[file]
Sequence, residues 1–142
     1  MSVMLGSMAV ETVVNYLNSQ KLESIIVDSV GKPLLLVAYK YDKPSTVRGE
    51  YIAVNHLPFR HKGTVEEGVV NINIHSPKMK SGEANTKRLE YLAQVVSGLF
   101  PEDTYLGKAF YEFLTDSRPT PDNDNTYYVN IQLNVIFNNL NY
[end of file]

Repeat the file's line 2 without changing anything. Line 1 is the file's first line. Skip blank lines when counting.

     1  MSVMLGSMAV ETVVNYLNSQ KLESIIVDSV GKPLLLVAYK YDKPSTVRGE